An annual collection of the twenty best contemporary short stories selected by series editor Laura Furman from hundreds of literary magazines, The O. Henry Prize Stories 2008 is studded with extraordinary settings and characters: a teenager in survivalist Alaska, the seed keeper of a doomed Chinese village, a young woman trying to save her life in a Ukrainian internet café. Also included are the winning writers' comments on what inspired them, a short essay from each of the three eminent jurors, and an extensive resource list of literary magazines.
About the Author
Laura Furman was born in New York, and educated in New York City public schools and at Bennington College. Her first story appeared in "The New Yorker" in 1976, and since then her work has been published in many magazines, including "Yale Review, ""Southwest Review, Ploughshares, American Scholar, ""Preservation, House & Garden, " and other magazines. Her books include three collections of short stories", "two novels, ""and a memoir. She is the recipient of fellowships from the New York State Council on the Arts, the Dobie Paisano Project, the Guggenheim Foundation, and the National Endowment for the Arts. She has received grants in residency at Yaddo in Saratoga Springs, N.Y., and in 2009 she was a visiting artist at the American Academy in Rome. She taught for many years in the Department of English at the University of Texas at Austin. Series editor of "The PEN/O.Henry Prize Stories "since 2002, Furman selects the twenty winning stories each year. She lives in Central Texas.""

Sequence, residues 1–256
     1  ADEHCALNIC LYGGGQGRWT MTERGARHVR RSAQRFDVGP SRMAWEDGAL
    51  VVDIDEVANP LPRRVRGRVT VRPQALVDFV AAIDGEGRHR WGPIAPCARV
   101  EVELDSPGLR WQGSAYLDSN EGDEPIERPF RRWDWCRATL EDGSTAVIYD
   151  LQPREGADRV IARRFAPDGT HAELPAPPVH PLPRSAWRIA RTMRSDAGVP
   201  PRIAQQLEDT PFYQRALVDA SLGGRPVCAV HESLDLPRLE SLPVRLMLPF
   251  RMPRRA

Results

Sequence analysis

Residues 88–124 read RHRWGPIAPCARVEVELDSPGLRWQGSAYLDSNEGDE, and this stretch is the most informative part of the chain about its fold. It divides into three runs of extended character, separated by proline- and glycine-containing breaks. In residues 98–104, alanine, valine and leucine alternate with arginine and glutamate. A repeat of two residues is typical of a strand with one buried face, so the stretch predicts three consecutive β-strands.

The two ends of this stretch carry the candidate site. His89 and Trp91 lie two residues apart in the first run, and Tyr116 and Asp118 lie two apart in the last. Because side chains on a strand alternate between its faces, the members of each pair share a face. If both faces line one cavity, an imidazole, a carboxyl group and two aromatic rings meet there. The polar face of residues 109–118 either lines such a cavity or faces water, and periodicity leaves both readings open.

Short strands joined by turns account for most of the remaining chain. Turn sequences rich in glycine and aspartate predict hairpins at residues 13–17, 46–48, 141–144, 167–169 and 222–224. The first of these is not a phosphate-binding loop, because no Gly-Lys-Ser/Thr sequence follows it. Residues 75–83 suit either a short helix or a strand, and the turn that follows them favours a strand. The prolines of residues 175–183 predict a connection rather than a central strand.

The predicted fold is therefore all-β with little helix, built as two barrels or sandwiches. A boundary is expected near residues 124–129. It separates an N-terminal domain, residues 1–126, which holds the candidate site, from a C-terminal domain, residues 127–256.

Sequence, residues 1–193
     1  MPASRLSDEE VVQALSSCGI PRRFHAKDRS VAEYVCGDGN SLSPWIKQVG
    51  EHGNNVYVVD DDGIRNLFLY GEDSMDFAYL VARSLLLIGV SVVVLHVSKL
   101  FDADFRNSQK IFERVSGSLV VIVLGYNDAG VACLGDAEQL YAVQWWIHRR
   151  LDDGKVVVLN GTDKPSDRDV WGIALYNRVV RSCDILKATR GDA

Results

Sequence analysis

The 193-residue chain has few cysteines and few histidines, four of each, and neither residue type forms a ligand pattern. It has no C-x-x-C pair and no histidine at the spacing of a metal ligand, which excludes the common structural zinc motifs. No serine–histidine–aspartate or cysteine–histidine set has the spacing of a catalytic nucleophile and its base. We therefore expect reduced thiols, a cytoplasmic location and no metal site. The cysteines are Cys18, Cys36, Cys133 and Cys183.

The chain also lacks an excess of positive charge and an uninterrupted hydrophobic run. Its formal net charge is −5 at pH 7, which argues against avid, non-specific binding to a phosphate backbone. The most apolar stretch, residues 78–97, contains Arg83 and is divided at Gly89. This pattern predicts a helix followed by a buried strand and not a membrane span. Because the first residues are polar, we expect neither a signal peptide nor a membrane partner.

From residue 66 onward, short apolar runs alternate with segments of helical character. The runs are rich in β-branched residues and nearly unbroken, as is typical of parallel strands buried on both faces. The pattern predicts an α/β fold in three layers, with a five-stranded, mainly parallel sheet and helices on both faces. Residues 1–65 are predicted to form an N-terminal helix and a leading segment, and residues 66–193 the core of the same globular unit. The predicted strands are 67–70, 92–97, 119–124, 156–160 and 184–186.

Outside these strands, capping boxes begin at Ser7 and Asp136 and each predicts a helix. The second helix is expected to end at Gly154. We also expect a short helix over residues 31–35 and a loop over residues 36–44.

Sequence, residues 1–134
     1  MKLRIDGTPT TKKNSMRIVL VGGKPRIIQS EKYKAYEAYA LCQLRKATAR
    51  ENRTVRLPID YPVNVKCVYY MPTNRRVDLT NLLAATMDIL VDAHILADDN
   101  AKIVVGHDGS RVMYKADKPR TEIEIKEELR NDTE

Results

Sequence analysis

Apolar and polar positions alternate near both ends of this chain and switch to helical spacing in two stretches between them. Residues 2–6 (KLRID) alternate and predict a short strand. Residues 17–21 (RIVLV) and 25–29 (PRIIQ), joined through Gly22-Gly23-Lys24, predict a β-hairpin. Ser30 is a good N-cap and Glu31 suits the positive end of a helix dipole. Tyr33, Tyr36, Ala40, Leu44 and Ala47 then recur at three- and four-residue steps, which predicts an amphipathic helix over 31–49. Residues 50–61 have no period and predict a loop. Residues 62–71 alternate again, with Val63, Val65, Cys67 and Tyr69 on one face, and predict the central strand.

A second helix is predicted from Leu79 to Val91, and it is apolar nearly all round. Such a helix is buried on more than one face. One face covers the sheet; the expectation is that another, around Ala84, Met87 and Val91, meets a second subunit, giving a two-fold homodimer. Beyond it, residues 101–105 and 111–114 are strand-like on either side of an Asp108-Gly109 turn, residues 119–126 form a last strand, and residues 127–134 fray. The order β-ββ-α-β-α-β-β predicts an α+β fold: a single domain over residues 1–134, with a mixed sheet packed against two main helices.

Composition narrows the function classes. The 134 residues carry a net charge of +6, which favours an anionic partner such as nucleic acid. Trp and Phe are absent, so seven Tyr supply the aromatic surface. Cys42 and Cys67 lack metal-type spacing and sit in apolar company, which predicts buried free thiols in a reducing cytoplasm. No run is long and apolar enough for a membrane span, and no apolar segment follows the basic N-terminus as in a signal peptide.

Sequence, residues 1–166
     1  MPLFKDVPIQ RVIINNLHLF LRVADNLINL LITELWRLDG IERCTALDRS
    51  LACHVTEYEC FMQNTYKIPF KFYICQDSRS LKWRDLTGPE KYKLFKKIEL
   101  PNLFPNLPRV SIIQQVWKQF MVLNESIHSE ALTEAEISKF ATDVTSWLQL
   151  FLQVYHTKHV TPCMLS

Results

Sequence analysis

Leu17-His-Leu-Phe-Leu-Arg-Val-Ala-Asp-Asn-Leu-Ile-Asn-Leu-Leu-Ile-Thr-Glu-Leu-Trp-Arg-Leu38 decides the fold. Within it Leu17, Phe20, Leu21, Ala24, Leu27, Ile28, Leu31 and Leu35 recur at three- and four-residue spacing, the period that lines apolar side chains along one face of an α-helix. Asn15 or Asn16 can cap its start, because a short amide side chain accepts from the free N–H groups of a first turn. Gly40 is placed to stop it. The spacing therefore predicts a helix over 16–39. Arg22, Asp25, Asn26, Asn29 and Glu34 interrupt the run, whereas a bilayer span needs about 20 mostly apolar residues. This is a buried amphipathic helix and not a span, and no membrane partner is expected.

Chimamanda Ngozi Adichie grew up in Nigeria. Her work has been translated into thirty languages. Her first novel, "Purple Hibiscus", published by Algonquin in 2003, won the Commonwealth Writers' Prize and the Hurston/Wright Legacy Award. Her novel "Half of a Yellow Sun" won the Orange Broadband Prize and was a finalist for the National Book Critics Circle Award. Her story collection, "The Thing Around Your Neck", was the winner of the Dayton Literary Peace Prize. A recipient of a 2008 MacArthur Foundation Fellowship, she divides her time between the United States and Nigeria.
David Leavitt's first collection of stories, Family Dancing, was published when he was just twenty-three and was a finalist for both the National Book Critics Circle Award and the PEN/Faulkner Prize. The Lost Language of Cranes was made into a BBC film, and While England Sleeps was short-listed for the Los Angeles Times Fiction Prize. With Mark Mitchell, he coedited The Penguin Book of Short Stories, Pages Passed from Hand to Hand, and cowrote Italian Pleasures. Leavitt is a recipient of fellowships from both the John Simon Guggenheim Foundation and the National Endowment for the Arts. He divides his time between Italy and Florida.
“Widely regarded as the nation's most prestigious awards for short fiction.”
—The Atlantic Monthly